The meteoric rise of TSLA seemed to help some related stocks yesterday in the battery business. Lithium product producer Albemarle (ALB) shot up almost 12%. The huge upward swing by TSLA has some analysts talking about what they say might be the beginning of a “secular trend” favoring electric and autonomous car makers and the companies that help provide products for those cars. We shall see.
Taking a 180-degree turn, a little pity might be in order here for investors in Alphabet (GOOGL). The company had bad timing with its disappointing earnings report late Monday and was one of the only major stocks with big losses Tuesday, falling more than 2%. On any other day, as they say.
With DIS getting set to report after the close Tuesday, it looked like investors wanted to have their princess cake and eat it too.
Meaning they bid up stocks for the second day in a row, but also didn’t entirely give up playing defense. The 10-year Treasury yield touched 1.6% during the day but its upward move hasn’t been able to match the major stock indices Monday and Tuesday. Volatility dipped a little but the Cboe Volatility Index (VIX) stayed near 16 as of late Tuesday before settling down a little Wednesday morning to just below 16. That’s down from highs near 20 late last week but still well above recent pre-virus lows of near 12.
Gold was the one defensive metric that took a major step back Tuesday, falling all the way below $1,560 an ounce. From a technical standpoint, gold’s failure last week to move solidly above $1,600 probably looks a bit bearish on the charts. Gold is down again this morning.
CHART OF THE DAY: FLIPPING THE RISK SWITCH. As the risk-meter toggled from the "off" position to "on," traders unwound some defensive positions. Gold futures (/GC— candlestick) bounced off the $1600 level (blue line) and quickly retreated to the mid $1500s. Meanwhile, the Cboe Volatility Index (VIX—purple line) spent only one day above 18 before drifting down to the mid-teens. Data sources: CME Group, Cboe Global Markets. Chart source: The thinkorswim® platform from TD Ameritrade. For illustrative purposes only. Past performance does not guarantee future results.
Beyond Coronavirus, China Slowdown Worries Fester: Even before the virus hit, China’s economic growth had slowed to 6.1% in 2019 from 6.8% in 2018. Now some analysts think Q1 growth there could fall below 5%, which would be around a three-decade low for the Asian economic giant. Analysts surveyed by FactSet say China’s economic growth will slow to 5.9% this year and 5.7% in 2021, the research firm said late last week. The 2020 number may be revised lower if the economic disruption persists. “A significant hit to GDP growth in the world’s second largest economy would reverberate across the global economy; this has been the fear hitting global equity markets in recent days,” FactSet noted in a report. A decade ago, China’s economy was growing between 7% and 10% a year, and that might have helped fuel a lot of the strength in U.S. stocks between then and now. How U.S. companies with exposure to China would do in a 5% China GDP environment is up for question.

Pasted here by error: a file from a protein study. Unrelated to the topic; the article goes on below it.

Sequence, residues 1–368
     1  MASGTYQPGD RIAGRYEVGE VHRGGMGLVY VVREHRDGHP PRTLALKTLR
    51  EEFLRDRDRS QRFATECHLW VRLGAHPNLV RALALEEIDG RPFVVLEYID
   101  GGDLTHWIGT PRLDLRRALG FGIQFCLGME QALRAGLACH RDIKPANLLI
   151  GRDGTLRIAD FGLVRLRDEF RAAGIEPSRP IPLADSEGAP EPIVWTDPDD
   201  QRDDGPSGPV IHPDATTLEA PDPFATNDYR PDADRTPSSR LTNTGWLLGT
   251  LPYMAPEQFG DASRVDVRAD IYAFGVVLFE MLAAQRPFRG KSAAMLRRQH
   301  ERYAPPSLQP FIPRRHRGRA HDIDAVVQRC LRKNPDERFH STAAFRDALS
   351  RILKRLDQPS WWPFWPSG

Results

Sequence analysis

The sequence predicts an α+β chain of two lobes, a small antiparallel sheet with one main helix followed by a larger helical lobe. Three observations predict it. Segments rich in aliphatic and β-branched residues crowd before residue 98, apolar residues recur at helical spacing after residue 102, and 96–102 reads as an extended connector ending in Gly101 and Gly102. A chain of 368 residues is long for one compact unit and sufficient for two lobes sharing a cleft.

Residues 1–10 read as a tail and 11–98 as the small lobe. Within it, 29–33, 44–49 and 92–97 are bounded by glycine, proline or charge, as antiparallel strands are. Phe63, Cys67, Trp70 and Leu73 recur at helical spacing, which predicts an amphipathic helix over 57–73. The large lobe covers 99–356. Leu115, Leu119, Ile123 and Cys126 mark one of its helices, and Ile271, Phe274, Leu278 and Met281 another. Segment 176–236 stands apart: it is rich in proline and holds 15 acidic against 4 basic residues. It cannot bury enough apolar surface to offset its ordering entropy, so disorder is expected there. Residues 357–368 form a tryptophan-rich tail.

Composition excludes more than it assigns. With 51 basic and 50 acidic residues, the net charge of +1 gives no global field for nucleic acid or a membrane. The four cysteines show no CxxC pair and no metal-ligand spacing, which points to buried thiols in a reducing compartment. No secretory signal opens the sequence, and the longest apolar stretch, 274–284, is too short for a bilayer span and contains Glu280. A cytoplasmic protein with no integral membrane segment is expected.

Coffee Break: Overheard at a coffee shop after Friday’s selloff, “Don’t worry too much about (the market). Just ignore things and look at your portfolio again in a month and it’ll probably be back where it was.” That’s a paraphrase, but probably not too different from what many investors heard following the latest market hiccup. While it’s sometimes a good idea to not glance at your portfolio for a few days so you don’t sell out of fear amid geopolitical panic, you don’t want to be complacent, either. A lot of investors probably feel like the guy in the coffee shop, considering how quickly the market’s bounced back from so many downturns over the last few years. Brexit, trade wars, Iran, North Korea, rising bond yields—whatever gets thrown at the market, things seemed to recover and go even higher.
While you could see it that way and think coronavirus is no different, remember that nothing is forever. The market can’t keep rising without a break (even though it’s already coming back toward where it was before the virus), and recessions are still part of the economic cycle. The Fed has done an impressive job supporting the stock rally, but that’s not really its role. If Fed officials see inflation, they’re liable to do something about it that’s not necessarily in the market’s interest. All that is a long way of saying, don’t panic, but don’t put your feet up completely, either. Keep an eye on data and earnings, because those are what really drive things in the long run, whatever happens in geopolitics.
All or Nothing? No Way: How can you still participate in this long bull market without necessarily risking everything you have? By going in partially, not all the way. It’s one of the things we often stress here, but it’s worth saying again. One of the big mistakes people tend to make is thinking investing is an “all or nothing” game. On the other hand, most professionals think of it as a “partial” game. That means if you had a good 2019, you might consider taking a small percentage off the table and realizing a profit. Removing a bit of risk could give you some comfort and help you think straight.